Du Contrat Social

Front Cover
Penguin, 1968 - Philosophy - 187 pages
267 Reviews
Rejecting the view that anyone has a natural right to wield authority over others, Rousseau argues instead for a pact, or 'social contract', that should exist between all the citizens of a state and that should be the source of sovereign power.
  

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Better writer than Locke. - Goodreads
An insight into origins is always valuable. - Goodreads
Rousseau's writings need no introduction - Goodreads

Review: The Social Contract

User Review  - Kyle Van oosterum - Goodreads

"Man is born free and everywhere he is in chains." For some a devoted defense of democracy and for others the bible of totalitarianism, The Social Contract stands as one of the most eloquent treatises ... Read full review

Review: The Social Contract

User Review  - Joshua Stephen - Goodreads

Setting the stage for reform in both the French government and later the United States government, Rousseau's "The Social Contract" is illuminating for both philosophers and scholars on issues arising from independence of the individual versus concepts of what the state should and does represent. Read full review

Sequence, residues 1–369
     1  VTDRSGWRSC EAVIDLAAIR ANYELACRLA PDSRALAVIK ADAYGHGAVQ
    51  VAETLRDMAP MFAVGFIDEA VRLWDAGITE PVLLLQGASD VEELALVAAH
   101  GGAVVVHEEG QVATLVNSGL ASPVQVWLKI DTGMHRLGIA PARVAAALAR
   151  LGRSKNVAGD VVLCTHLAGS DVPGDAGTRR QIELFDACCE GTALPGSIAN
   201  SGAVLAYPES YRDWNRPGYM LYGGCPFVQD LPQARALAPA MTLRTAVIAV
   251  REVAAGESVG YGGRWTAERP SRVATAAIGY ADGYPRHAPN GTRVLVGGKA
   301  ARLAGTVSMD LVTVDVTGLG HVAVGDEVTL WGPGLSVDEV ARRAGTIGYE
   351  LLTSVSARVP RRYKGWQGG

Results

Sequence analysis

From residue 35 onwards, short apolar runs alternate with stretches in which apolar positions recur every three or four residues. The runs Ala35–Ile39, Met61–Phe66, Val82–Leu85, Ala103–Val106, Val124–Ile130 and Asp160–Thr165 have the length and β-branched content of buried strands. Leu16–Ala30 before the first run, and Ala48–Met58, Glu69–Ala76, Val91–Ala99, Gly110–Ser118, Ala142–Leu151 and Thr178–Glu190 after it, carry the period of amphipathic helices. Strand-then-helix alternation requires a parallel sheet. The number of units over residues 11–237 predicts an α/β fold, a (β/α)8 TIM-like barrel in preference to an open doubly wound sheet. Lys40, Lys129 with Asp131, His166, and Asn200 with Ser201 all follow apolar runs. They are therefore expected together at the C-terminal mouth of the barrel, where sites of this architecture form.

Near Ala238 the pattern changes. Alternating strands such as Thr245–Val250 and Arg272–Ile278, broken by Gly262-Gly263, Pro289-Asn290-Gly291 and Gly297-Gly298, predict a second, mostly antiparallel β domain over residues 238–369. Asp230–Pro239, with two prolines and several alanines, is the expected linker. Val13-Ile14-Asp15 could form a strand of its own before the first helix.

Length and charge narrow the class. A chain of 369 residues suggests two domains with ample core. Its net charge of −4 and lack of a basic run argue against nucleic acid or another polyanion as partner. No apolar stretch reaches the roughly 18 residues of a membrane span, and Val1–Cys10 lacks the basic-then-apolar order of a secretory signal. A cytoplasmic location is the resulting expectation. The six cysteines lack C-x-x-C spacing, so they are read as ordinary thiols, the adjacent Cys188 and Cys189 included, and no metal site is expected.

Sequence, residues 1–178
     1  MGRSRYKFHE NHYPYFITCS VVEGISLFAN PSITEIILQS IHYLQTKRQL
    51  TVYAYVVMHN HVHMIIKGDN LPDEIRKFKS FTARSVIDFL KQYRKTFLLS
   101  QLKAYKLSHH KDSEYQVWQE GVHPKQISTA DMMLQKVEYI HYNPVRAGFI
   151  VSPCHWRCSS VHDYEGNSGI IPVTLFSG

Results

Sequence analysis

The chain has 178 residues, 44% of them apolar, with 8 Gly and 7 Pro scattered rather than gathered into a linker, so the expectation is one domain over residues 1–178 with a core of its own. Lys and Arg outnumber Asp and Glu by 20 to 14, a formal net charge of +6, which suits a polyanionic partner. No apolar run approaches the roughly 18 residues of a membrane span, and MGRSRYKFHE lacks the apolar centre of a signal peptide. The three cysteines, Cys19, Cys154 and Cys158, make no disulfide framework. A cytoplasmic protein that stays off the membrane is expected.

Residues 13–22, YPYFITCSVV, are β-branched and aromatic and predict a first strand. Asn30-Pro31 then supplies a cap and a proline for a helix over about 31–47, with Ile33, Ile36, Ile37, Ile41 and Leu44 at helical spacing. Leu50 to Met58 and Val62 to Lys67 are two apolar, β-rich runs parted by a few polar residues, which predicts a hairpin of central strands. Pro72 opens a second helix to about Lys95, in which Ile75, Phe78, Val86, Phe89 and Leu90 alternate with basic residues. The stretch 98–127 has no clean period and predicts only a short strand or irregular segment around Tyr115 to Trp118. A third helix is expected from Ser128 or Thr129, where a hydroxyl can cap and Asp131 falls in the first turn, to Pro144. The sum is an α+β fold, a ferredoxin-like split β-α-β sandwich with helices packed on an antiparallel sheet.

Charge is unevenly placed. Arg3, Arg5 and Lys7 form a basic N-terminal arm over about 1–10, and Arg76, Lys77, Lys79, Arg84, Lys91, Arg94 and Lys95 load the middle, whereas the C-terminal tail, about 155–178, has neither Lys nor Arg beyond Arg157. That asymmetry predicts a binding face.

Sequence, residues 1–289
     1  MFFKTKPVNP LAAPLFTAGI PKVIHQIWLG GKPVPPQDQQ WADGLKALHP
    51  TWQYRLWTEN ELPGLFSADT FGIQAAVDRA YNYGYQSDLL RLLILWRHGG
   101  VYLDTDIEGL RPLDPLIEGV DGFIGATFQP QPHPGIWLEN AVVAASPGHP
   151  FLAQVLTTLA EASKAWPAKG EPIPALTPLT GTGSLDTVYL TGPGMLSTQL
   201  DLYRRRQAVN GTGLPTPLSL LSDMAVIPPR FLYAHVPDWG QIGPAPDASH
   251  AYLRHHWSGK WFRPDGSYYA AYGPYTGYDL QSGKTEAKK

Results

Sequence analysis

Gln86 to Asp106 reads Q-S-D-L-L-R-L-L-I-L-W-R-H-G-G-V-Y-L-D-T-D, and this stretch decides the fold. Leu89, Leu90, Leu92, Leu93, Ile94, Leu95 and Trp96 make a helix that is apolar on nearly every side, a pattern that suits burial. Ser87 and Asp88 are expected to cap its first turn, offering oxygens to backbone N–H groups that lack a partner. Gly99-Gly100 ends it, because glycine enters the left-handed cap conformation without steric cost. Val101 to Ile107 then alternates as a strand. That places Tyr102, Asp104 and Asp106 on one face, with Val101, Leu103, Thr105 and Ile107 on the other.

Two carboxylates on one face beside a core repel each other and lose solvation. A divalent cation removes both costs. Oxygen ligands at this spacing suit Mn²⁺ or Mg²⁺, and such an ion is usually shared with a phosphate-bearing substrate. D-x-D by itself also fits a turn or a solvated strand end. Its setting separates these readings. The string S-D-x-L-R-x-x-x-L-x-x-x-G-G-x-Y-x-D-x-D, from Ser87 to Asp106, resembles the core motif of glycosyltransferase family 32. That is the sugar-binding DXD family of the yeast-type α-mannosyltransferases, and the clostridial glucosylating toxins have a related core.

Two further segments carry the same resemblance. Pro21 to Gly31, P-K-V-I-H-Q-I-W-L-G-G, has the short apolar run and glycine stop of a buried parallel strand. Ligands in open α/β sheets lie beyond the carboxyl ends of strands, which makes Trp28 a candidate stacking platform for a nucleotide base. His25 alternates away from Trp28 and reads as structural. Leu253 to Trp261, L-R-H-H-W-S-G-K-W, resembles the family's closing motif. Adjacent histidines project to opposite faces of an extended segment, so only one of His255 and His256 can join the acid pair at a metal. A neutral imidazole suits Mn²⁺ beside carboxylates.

Selected pages

Contents

Translators acknowledgements
7
Introduction
9
Foreword
47
BOOK I
49
BOOK II
69
BOOK III
101
BOOK IV
149
Copyright

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About the author (1968)

Jean-Jacques Rousseau (1712-78) the French political philosopher and educationalist, is the author of A Discourse on Inequality, and Emile.Maurice Cranston was Professor of Political Science at the London School of Economics and wrote and published widely on Rousseau, including two volumes of biography.

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